I'd bought some daffodils from the market on a Saturday in early March. A bunch of them should have been enough, I suppose, but still in tight bud they looked rather sparse, so I'd bought a second bunch. They were still stiffly closed up on the Monday when I took them into school. I'd told the four-and five-year-olds in my reception class what they were and to keep checking them for change each day. They listened politely but looked pretty unimpressed and moved on to more interesting things.
That is, until Wednesday: Andrew pulled at my sleeve, his face an indescribable mixture of delight and excitement "You must look, you must look, quick, over there - the daffodils - they're singing!" And indeed they were. The sun streaming in through the window was catching the full glory of a newly opened bunch of daffodils.
It wasn't difficult to share his delight and I had an extra pleasure in Andrew's choice of words. It is thus that poetry is born. As one of the Government's "desirable outcomes" in creative development we are asked to encourage a variety of responses to what young children see, hear, smell, touch and feel.
Sounds simple until you come to ask underlying questions and then they are anything but simple. But they are questions that any professional working with young children should be tangling with, if quality rather than superficiality is the guide.
For example: How do we recognise such responses? Are they the same for each child? Do boys respond differently from girls? Does culture have an effect? What form can the responses take? And what can we do to encourage such a personal responsiveness?
It may help to look at the resources that would seem necessary if children are to "...explore sound and colour, texture, shape, form and space in two and three dimensions" before looking at specific responses. Taking "sound" for example, many nurseries and early years classrooms have, laudably, a music corner with instruments. But will those be the only sounds that the children are allowed to explore? What of the dripping of water on different surfaces? The ripping of paper and material? The fall of gravel in a rainstick? Discordant sounds? Tuning a radio?
Where would they be allowed to do this and for how long? Not only are there time and planning implications but children will have different styles of exploration.
We have to go beyond the simple level of noticing that Johnny and his pals look enthusiastically absorbed when it comes to banging the new drums or that Julie smiles when she strokes the guinea pig. Analysing the quality of their response tells us so much. Our response to their response is particularly important as it may be that we are actually only allowing certain responses and discounting those we consider "unsuitable" even if we have not actually verbalised this to ourselves. If we do favour only a certain response, is it for a good educational reason or have we never really thought about it? (Overheard: "I'm not sure I can put a purple sun up on our display, Thomas, can you do me a nice yellow one?" - thus ignoring the fact that the only time the child may, sensibly, have been allowed to look at the sun was probably at sunset.) The "desirable outcomes" also stress the development of young children's imaginations through such things as dance, stories, music and their own imaginative play.It is as if the imagination were a delicate plant. Too little fertiliser, which translated into daily practice means not enough resources, time or real interest being shown, and it withers. Too much, in which the children become over dependent on the imaginative input of the teacher, and the plant can become surprisingly sickly.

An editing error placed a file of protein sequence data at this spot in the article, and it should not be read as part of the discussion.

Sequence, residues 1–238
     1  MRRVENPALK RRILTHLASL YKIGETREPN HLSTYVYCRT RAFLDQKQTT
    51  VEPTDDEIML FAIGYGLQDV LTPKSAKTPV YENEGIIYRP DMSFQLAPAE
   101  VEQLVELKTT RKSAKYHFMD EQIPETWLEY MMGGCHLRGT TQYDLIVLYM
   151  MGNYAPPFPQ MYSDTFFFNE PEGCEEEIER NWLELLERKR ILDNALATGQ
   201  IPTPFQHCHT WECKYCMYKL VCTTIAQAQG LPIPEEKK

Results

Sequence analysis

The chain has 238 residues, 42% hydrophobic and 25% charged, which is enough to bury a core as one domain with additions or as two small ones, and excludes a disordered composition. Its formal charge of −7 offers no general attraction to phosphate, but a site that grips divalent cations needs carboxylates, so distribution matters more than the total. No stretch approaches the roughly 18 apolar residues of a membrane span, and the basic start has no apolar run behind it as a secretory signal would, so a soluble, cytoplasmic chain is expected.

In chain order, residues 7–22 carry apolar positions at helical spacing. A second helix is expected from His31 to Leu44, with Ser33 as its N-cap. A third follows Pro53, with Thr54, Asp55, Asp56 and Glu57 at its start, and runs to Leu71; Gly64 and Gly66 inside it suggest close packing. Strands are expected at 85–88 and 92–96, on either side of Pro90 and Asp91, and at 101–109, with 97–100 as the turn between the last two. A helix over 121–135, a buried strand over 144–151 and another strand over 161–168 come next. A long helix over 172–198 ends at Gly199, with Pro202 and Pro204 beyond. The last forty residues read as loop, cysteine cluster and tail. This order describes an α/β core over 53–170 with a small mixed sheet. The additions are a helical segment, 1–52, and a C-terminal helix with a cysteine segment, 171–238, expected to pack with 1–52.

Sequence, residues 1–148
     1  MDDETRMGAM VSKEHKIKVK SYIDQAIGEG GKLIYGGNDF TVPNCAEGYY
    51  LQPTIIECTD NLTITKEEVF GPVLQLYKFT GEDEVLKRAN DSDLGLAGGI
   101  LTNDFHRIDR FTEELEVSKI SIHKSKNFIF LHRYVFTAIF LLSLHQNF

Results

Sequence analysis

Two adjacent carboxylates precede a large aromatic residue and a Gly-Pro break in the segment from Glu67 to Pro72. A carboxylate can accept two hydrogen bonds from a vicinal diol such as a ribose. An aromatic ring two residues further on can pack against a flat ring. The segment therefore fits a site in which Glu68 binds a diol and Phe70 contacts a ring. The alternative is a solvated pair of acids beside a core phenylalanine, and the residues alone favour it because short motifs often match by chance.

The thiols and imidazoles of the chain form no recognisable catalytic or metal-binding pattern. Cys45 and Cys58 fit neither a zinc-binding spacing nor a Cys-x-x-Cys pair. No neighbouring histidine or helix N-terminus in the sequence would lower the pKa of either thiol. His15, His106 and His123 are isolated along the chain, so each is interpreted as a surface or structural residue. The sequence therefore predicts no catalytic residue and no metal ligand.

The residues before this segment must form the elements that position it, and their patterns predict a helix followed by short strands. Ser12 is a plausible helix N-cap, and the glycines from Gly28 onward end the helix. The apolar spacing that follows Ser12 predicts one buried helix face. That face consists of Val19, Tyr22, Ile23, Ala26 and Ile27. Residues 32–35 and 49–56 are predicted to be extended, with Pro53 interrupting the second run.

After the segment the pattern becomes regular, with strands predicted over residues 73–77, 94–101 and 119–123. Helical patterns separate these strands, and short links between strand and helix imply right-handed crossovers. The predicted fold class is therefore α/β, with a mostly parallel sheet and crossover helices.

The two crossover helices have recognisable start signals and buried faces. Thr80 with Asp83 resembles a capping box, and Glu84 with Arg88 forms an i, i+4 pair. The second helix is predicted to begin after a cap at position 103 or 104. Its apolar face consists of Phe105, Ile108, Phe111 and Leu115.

If anything, the latter is the most common phenomenon. Teachers and their assistants frequently move in on the imaginative worlds within the classroom feeling, perhaps unconsciously, that they themselves, at long last, are being given permission to be creative and imaginative. It may also have something to do with finding it hard to believe that the children will show or become imaginative without such stimulus, or that they somehow owe it to them to offer "entertainment" and "fun".
Whatever the reason, the opportunities for the children to show and develop their own imaginations can become quite restricted if it is in response to the teacher's set agenda.
Children have a way of telling you about their real needs though. I shall long remember a reception class much praised for its temporary but total conversion to a travel agency. The "Wendy house-drama corner" had been transformed into a booking office and was manned by two young clerks. I asked them what they had to do: "Well", said the girl clerk, giving me a conspiratorial look, "..actually I'm the mummy and he's the daddy and we hide the baby under this box."
GOVERNMENT TARGETS ON CREATIVE DEVELOPMENT FOR CHILDREN TURNING FIVE.
These outcomes focus on the development of children's imagination and their ability to communicate and to express ideas and feelings in creative ways.
Children explore sound and colour, texture, shape, form and space in two and three dimensions. They respond in a variety of ways to what they see, hear, smell, touch and feel. Through art, music, dance, stories and imaginative play, they show an increasing ability to use their imagination, to listen and to observe. They use a widening range of materials, suitable tools, instruments and other resources to express ideas and to communicate their feelings.
* Next week: Part 4, physical development